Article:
- History and Culture
Cyathea borbonica var. sevathiana is a tree fern that grows up to 1 meter high and its trunk is 6-9 cm in diameter, with a blackish, scaly surface, bases of persistent petioles to the base of the trunk. Leaf scars showing three cavities on the lower edge. Funnel-shaped crown, petioles and stiff rachis. Leafy limbs, with a pale green abaxial face, while the adaxial face is shiny dark green. Scales and down at the base of the petiole, dull brown to shiny, with light brown margin.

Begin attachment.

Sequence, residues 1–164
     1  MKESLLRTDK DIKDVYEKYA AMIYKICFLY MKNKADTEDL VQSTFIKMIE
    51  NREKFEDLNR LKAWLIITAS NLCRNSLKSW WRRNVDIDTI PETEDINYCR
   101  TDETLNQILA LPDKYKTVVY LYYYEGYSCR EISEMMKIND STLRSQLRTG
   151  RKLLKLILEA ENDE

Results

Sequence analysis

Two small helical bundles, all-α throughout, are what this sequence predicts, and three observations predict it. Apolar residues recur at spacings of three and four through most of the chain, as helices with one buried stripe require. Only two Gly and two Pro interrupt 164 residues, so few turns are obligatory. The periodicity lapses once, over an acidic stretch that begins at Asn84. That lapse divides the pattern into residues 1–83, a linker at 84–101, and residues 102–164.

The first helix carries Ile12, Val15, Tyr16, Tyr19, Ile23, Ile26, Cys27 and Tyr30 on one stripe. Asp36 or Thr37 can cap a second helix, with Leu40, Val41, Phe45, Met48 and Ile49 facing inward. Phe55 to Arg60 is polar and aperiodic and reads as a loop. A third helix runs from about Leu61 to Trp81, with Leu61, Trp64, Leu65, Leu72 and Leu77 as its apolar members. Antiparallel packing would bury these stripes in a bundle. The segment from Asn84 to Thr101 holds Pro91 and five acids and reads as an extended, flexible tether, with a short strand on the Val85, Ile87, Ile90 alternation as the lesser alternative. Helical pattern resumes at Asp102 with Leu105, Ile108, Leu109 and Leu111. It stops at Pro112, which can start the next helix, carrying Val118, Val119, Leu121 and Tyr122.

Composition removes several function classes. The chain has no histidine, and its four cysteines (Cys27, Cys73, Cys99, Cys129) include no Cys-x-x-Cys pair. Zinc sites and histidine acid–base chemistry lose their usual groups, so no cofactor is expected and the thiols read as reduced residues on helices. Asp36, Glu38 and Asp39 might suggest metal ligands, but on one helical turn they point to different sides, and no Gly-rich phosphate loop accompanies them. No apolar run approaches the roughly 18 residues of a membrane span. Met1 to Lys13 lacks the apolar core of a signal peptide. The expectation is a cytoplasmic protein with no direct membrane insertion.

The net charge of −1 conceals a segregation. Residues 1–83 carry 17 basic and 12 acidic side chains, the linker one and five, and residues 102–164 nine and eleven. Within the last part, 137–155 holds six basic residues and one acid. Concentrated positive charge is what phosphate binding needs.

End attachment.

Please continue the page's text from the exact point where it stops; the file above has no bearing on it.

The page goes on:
Endemic to Mauritius, its main population is in the Bel Ombre forest, but it is also found in humid forests. It usually grows along rivers and in wet, swampy areas.
It is classified as ‘Critically Endangered’ on the IUCN Red List and protected under the forest restoration project. This fern has not benefited from any propagation action. Its population is at risk due to habitat loss and the invasion of exotic species.
The name of this variety, sevathiana, was chosen in honour of Jean Claude Sevathian, a botanist in the service of the Mauritian Wildlife Foundation (2006), who effectively guided the field work in Mauritius during the revision of the tree fern species
Janssen, Thomas, and France Rakotondrainibe
Article/Chapter Title: A revision of the fern family Cyatheaceae in the Mascarene Islands Adansonia, ser. 3, vol. 28, no. 2, 213-241, 2006